I have been fortunate enough where I haven’t had to remove anyone from my life because of this stuff, but I’ve had some very, very hard conversations with people. It can be challenging and difficult, but it comes down to being true to who you are and not betraying yourself. If we decide to continue, not only a relationship, but even a single conversation with a man who doesn’t want to truly hear us, then we’re ultimately betraying ourselves.

Even writing that chapter in the book I thought, Am I writing this for no reason? But I wrote it because when I give lectures or do speaking engagements, men will ask me, “What can I do? I’m not someone who harasses women in the street. I’m not a part of this.” I wrote this chapter to those men in particular to say, “Listen, even if you don’t harass women in the street, you are still a part of this. You still have responsibility.” I don’t think that cis heterosexual men living in our society can be free of sexism. Every man I know is sexist in some way, even if he’s a great guy, and because of that there’s work to be done.

Rumpus: In the book, you talk about wondering what art you would make if you weren’t only responding to your oppressions. I’d love to hear more about that idea.

Fazlalizadeh: What would it look like to explore my identity within my artwork based not on what people have done to me based on those identities, but based instead on what I love and I celebrate within those identities? What does making art about blackness look like that isn’t about racism? Or what does making work about being a woman look like that isn’t about what people do to me because I am a woman? A lot of these identities were constructed to oppress us. So it’s hard to detach blackness from oppression or detach womanhood from oppression, but what would my work look like if I tried to do that?

Rumpus: What are your thoughts about anger and how to exist with it? What do you do with your rage? How do you keep it from enveloping you?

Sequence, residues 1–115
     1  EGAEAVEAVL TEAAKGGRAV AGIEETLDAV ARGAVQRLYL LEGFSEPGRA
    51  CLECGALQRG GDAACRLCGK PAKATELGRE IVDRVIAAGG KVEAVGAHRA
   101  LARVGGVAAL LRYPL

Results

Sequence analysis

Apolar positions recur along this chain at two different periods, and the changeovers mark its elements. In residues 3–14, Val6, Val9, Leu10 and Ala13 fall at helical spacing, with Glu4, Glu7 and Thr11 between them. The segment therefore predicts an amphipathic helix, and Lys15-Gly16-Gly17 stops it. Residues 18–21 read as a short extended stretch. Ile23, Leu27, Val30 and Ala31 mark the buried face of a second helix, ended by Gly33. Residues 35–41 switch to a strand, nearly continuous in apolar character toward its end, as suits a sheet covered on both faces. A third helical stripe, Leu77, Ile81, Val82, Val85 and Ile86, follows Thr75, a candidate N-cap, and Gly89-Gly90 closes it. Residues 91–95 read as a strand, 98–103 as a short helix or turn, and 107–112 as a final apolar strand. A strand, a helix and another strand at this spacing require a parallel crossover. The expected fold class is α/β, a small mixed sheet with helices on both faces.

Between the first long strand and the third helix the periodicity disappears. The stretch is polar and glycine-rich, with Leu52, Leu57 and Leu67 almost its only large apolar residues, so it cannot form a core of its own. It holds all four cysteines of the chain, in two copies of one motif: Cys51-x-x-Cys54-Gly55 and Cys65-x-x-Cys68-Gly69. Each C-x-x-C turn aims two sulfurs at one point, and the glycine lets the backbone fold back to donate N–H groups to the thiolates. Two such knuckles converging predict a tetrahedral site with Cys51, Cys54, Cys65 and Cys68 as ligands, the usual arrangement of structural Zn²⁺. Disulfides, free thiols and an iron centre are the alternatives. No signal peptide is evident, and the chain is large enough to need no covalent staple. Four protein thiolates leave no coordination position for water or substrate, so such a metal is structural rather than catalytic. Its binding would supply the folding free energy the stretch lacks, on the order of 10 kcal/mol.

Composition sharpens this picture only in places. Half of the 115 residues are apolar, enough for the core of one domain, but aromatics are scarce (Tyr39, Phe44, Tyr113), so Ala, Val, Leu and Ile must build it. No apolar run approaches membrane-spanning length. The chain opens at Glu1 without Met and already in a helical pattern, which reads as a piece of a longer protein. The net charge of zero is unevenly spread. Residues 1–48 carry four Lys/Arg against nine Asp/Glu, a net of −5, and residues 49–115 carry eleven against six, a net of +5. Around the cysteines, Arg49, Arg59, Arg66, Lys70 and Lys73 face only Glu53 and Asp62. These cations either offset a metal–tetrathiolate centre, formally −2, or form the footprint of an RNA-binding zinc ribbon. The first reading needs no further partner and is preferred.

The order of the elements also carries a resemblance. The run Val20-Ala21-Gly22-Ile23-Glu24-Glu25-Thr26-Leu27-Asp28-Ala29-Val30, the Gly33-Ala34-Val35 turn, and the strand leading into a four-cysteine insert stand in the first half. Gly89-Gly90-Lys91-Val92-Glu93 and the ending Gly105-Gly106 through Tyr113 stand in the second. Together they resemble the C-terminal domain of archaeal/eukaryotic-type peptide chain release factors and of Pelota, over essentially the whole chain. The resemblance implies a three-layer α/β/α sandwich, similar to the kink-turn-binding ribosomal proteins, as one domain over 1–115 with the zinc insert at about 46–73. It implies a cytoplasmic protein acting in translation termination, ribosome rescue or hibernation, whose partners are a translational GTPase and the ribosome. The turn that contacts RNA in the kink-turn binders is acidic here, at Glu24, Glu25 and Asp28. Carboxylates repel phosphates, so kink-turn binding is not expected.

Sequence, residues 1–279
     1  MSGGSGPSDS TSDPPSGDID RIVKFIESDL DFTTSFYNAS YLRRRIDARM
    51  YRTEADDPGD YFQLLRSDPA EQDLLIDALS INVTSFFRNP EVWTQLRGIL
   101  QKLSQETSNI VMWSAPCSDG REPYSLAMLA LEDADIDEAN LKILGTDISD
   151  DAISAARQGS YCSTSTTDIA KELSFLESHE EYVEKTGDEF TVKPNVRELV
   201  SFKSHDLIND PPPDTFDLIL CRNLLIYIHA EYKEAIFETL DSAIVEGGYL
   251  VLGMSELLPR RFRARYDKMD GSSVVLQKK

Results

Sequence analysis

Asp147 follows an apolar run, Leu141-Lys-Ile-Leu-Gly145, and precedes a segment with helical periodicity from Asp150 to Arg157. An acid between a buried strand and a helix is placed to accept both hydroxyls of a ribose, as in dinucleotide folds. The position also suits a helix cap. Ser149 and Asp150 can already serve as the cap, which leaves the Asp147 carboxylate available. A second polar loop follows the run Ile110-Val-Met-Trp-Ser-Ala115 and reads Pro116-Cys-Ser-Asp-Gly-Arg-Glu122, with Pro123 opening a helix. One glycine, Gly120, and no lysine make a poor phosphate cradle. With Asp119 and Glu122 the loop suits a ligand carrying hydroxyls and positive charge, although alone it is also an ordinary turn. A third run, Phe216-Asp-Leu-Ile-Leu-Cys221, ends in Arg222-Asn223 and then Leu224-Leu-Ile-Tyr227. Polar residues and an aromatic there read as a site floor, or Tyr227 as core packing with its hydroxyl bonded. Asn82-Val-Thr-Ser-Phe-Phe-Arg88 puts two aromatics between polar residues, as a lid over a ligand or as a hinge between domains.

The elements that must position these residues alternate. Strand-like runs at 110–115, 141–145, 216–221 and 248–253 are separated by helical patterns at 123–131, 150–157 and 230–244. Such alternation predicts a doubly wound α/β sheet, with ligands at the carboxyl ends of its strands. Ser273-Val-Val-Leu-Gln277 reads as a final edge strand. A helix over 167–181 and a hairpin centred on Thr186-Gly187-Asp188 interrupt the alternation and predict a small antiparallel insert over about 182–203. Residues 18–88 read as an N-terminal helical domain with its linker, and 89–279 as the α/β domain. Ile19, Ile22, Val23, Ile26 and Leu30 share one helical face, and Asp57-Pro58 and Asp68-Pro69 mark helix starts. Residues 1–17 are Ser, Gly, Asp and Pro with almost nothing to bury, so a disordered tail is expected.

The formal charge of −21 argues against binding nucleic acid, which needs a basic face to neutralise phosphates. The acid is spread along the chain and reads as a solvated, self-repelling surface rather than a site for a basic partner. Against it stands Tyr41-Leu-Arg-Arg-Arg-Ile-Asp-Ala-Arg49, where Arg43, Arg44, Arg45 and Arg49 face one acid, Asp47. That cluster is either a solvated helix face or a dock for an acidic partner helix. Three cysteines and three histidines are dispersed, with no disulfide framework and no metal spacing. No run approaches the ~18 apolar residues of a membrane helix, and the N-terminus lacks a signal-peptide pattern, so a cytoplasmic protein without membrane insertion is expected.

Fazlalizadeh: The main way I release my anger and rage is putting it in my artwork, whether that is screaming and recording myself screaming and developing some type of art piece out of that, or taking everything I want to say—all of my anger, all of my rage—writing it down and incorporating that into some piece of art. But sometimes I wonder if I didn’t have the artwork, then how would I release the rage?

Even with making the artwork, there’s still anger there because it’s continuous, it’s not like one thing happened to me and now it’s over. It’s a continual thing. I make artwork about street harassment, I talk about street harassment, and then I go outside and I experience street harassment. It’s never-ending.

So what do you do with that rage? It’s a good question. I really don’t know. Because even if I feel like I have gotten it out, the fact that I can go outside and even if I don’t get harassed in the street, the threat of it is always there. And if it doesn’t happen today, it will happen to me tomorrow. It’s always there and simply knowing that is enraging.

Rumpus: Do you still experience internal conflict around your work? And if so, how do you move through it?

Fazlalizadeh: I do. In the beginning, it had to do with resources. I didn’t have money to buy a canvas or the space to work. When I was in my twenties, I would paint in my bedroom because it was the only space I had, and that would keep me from wanting to make art, but then I would get a rush of either inspiration or resources and I’d be making work again. It comes in waves.

Lately I have not been making much artwork, to be honest, and there are a few reasons for that. The first half of this year I made a lot of artwork. I did a big solo exhibition in Oklahoma, and then I was the artist-in-residence for the New York City Commission on Human Rights, and we created murals across the city. This all happened between January and June. Since July, I’ve been focused on the book, but I’ve also been feeling this great big anxiety about not making art, and it’s because I don’t know what to make. I have a bunch of ideas. I love talking about beautiful, grand ideas for art. But I get lost in and fearful of the execution of it, not knowing the first step to take when sometimes the first step is to simply put pencil to paper or put paintbrush to canvas. I get stuck and I freeze.